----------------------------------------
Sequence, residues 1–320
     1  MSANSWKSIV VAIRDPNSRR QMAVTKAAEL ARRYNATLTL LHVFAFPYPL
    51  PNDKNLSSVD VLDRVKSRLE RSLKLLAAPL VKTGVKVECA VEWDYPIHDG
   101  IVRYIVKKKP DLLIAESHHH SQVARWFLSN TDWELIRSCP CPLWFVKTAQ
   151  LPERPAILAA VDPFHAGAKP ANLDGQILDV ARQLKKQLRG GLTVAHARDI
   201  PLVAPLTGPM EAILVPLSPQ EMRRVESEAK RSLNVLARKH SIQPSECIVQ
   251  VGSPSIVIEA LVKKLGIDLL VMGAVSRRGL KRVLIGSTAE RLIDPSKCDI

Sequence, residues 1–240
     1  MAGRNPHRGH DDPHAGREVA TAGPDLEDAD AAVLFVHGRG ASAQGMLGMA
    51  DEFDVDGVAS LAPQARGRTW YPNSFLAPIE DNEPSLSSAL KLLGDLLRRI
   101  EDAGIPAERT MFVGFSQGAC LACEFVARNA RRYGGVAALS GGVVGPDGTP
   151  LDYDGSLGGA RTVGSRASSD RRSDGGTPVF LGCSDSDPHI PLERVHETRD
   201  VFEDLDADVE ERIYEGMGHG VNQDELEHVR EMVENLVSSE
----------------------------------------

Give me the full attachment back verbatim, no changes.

Sequence, residues 1–320
     1  MSANSWKSIV VAIRDPNSRR QMAVTKAAEL ARRYNATLTL LHVFAFPYPL
    51  PNDKNLSSVD VLDRVKSRLE RSLKLLAAPL VKTGVKVECA VEWDYPIHDG
   101  IVRYIVKKKP DLLIAESHHH SQVARWFLSN TDWELIRSCP CPLWFVKTAQ
   151  LPERPAILAA VDPFHAGAKP ANLDGQILDV ARQLKKQLRG GLTVAHARDI
   201  PLVAPLTGPM EAILVPLSPQ EMRRVESEAK RSLNVLARKH SIQPSECIVQ
   251  VGSPSIVIEA LVKKLGIDLL VMGAVSRRGL KRVLIGSTAE RLIDPSKCDI

Sequence, residues 1–240
     1  MAGRNPHRGH DDPHAGREVA TAGPDLEDAD AAVLFVHGRG ASAQGMLGMA
    51  DEFDVDGVAS LAPQARGRTW YPNSFLAPIE DNEPSLSSAL KLLGDLLRRI
   101  EDAGIPAERT MFVGFSQGAC LACEFVARNA RRYGGVAALS GGVVGPDGTP
   151  LDYDGSLGGA RTVGSRASSD RRSDGGTPVF LGCSDSDPHI PLERVHETRD
   201  VFEDLDADVE ERIYEGMGHG VNQDELEHVR EMVENLVSSE